There is limited evidence for which unconventional remedies are effective, despite the fact that they are frequently used to ease sore throats and nausea. Do not rely solely on alternative remedies if you or your child needs antibiotics for a bacterial infection.

Before using any herbal medicines, consult your doctor since they may interfere with prescription medications, and may be unsafe for children, pregnant or nursing women, and people with certain medical conditions.

Natural or alternative products for nausea and sore throats are frequently sold in spray, tea, or lozenge form. Common alternative treatments include:

  • Ginger
  • Marshmallow root
  • Slippery elm
  • Peppermint
  • Fennel powder
  • Licorice root
  • Cinnamon
  • Lemon

You can also try acupuncture or acupressure to help relieve your nausea. Doing so stimulates nerve fibers which transmit signals to your brain and spinal cord and can help when you feel nauseous.

Medical Treatment

An infection brought on by a virus normally lasts 5 to 7 days and does not require medical attention. Most people use acetaminophen or other mild painkillers to reduce their discomfort.

Consider giving your child over-the-counter (OTC) pain relievers such as acetaminophen (FeverAll, Children’s Tylenol) or ibuprofen (Children’s Motrin, Children’s Advil) if they are experiencing these symptoms to help them feel better.

How Can DrHouse Help You?

DrHouse is here to help you take the best possible care of yourself or your loved ones. DrHouse offers on-demand online doctor visits and consultations, so you can get the care you need from the comfort of your own home.

Our qualified doctors are available around the clock to provide diagnosis and treatment for a variety of conditions, including sore throat and nausea. With DrHouse, you don’t have to waste time in long waiting rooms or pay expensive medical bills – you can see a clinician within minutes and get the care you need.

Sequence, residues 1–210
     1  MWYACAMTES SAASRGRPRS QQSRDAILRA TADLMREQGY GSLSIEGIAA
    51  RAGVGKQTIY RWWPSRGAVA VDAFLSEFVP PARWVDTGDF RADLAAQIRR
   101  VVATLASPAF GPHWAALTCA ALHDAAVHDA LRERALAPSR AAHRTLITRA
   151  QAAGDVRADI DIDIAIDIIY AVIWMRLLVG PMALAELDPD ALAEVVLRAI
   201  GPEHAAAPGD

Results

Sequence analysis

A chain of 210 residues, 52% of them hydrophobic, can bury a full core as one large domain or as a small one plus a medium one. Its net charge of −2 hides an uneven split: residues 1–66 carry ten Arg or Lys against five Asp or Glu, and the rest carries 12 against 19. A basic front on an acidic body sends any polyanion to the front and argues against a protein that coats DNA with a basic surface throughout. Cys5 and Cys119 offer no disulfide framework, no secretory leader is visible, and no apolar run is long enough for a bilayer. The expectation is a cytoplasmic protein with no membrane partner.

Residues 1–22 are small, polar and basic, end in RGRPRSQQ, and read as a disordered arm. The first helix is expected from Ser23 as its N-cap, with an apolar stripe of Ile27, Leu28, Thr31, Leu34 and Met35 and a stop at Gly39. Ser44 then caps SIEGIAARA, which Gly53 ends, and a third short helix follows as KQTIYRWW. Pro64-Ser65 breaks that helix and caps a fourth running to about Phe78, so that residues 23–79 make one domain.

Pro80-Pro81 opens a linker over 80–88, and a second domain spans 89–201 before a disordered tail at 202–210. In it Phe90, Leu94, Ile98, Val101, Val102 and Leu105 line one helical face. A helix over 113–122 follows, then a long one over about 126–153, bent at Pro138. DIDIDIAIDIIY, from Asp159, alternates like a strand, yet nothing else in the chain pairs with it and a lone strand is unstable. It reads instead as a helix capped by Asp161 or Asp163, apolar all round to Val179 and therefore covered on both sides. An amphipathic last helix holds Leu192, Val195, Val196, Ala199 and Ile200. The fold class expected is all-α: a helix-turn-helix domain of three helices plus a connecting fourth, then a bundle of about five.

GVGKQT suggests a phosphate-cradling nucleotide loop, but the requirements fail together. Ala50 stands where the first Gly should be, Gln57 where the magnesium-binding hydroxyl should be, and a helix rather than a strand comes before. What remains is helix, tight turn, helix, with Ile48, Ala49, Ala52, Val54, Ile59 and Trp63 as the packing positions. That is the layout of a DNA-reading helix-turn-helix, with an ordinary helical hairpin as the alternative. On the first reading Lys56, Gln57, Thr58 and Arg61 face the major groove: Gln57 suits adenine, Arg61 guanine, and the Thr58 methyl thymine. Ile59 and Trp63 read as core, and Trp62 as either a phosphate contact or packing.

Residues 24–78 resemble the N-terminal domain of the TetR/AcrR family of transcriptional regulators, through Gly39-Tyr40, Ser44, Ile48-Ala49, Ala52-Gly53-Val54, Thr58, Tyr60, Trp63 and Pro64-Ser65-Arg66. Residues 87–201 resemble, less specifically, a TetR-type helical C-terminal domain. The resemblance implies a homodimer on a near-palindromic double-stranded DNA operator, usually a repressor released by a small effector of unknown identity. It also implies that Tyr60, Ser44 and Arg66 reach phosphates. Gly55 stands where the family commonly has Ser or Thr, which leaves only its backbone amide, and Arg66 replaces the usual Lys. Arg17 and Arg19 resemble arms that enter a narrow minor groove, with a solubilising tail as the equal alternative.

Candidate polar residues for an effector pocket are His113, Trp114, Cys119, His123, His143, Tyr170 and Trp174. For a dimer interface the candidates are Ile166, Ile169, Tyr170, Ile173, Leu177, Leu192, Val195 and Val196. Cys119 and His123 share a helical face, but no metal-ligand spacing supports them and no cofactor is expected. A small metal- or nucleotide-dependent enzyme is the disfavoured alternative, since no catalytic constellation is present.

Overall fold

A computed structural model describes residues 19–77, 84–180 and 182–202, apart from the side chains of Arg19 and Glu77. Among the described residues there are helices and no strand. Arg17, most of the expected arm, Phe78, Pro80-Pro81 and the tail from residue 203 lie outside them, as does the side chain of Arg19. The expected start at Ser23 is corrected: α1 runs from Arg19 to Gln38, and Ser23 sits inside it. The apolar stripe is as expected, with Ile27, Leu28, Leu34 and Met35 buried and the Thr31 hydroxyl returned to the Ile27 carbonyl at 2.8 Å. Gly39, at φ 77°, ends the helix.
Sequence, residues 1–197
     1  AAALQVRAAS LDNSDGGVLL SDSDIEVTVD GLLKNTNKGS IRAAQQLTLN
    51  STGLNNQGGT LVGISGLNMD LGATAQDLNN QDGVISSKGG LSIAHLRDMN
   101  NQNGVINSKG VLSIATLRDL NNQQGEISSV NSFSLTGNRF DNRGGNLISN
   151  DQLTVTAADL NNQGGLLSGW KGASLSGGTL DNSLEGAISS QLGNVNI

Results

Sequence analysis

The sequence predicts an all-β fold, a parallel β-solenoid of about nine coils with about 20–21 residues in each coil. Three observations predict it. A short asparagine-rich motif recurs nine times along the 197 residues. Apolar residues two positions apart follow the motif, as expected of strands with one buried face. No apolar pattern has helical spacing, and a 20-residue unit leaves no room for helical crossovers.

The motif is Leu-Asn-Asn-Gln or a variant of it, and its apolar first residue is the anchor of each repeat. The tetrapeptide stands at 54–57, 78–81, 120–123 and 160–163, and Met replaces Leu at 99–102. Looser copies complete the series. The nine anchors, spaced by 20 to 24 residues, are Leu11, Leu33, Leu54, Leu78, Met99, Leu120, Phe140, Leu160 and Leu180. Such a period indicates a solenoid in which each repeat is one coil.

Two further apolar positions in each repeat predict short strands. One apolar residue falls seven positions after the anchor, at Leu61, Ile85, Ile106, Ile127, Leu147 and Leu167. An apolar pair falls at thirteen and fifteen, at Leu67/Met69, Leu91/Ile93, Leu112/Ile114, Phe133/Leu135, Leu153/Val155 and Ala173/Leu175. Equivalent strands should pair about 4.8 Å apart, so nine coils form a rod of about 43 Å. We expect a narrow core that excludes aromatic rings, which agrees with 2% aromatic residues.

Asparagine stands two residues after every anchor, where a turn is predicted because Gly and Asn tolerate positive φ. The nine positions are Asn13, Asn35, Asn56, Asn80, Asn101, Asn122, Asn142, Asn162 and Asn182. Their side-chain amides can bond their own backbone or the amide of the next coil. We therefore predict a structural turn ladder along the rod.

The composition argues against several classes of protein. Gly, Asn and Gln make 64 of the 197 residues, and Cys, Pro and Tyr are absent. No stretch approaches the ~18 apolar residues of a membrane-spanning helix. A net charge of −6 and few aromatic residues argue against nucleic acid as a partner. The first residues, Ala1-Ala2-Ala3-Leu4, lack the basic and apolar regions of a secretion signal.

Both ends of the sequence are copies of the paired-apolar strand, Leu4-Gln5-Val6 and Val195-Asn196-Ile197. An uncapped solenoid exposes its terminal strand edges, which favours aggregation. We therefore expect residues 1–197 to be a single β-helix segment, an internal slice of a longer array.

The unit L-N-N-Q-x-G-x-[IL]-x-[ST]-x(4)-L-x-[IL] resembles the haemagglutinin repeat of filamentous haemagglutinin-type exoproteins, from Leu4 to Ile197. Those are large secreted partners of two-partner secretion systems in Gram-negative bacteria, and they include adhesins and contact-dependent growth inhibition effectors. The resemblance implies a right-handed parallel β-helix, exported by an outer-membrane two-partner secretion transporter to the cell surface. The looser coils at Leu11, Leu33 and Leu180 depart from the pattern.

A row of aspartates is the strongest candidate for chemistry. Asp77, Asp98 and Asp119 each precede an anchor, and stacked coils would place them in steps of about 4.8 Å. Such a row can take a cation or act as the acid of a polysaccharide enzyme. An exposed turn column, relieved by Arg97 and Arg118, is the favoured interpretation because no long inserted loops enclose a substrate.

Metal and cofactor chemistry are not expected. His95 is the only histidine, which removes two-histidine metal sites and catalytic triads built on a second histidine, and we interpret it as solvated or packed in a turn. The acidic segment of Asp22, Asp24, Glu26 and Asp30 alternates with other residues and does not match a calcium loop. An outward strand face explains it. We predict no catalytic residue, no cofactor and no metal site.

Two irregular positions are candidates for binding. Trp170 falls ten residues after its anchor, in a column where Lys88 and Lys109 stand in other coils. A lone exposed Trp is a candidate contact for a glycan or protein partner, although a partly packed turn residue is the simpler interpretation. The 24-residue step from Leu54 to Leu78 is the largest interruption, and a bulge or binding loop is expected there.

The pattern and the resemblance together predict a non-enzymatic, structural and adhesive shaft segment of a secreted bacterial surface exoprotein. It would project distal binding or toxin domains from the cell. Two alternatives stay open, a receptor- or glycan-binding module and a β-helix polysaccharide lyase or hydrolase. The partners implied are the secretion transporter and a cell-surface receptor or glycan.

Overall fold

With our telehealth services, you can get a diagnosis, and treatment plan and even get medication delivered to your doorstep.

So don’t wait, get the care you need today with DrHouse to start feeling better.

Final Thoughts

Generally speaking, a sore throat and nausea is nothing to worry about. You can try some of the listed home remedies and natural alternatives to help relieve your symptoms, or consult with a medical expert to get clarity and peace of mind.

Sources:

Content on the DrHouse website is written by our medical content team and reviewed by qualified MDs, PhDs, NPs, and PharmDs. We follow strict content creation guidelines to ensure accurate medical information. However, this content is for informational purposes only and not a substitute for professional medical advice, diagnosis, or treatment. For more information read our medical disclaimer.

Always consult with your physician or other qualified health providers about medical concerns. Never disregard professional medical advice or delay seeking it based on what you read on this website.

If you are experiencing high fever (>103F/39.4C), shortness of breath, difficulty breathing, chest pain, heart palpitations, abnormal bruising, abnormal bleeding, extreme fatigue, dizziness, new weakness or paralysis, difficulty with speech, confusion, extreme pain in any body part, or inability to remain hydrated or keep down fluids or feel you may have any other life-threatening condition, please go to the emergency department or call 911 immediately.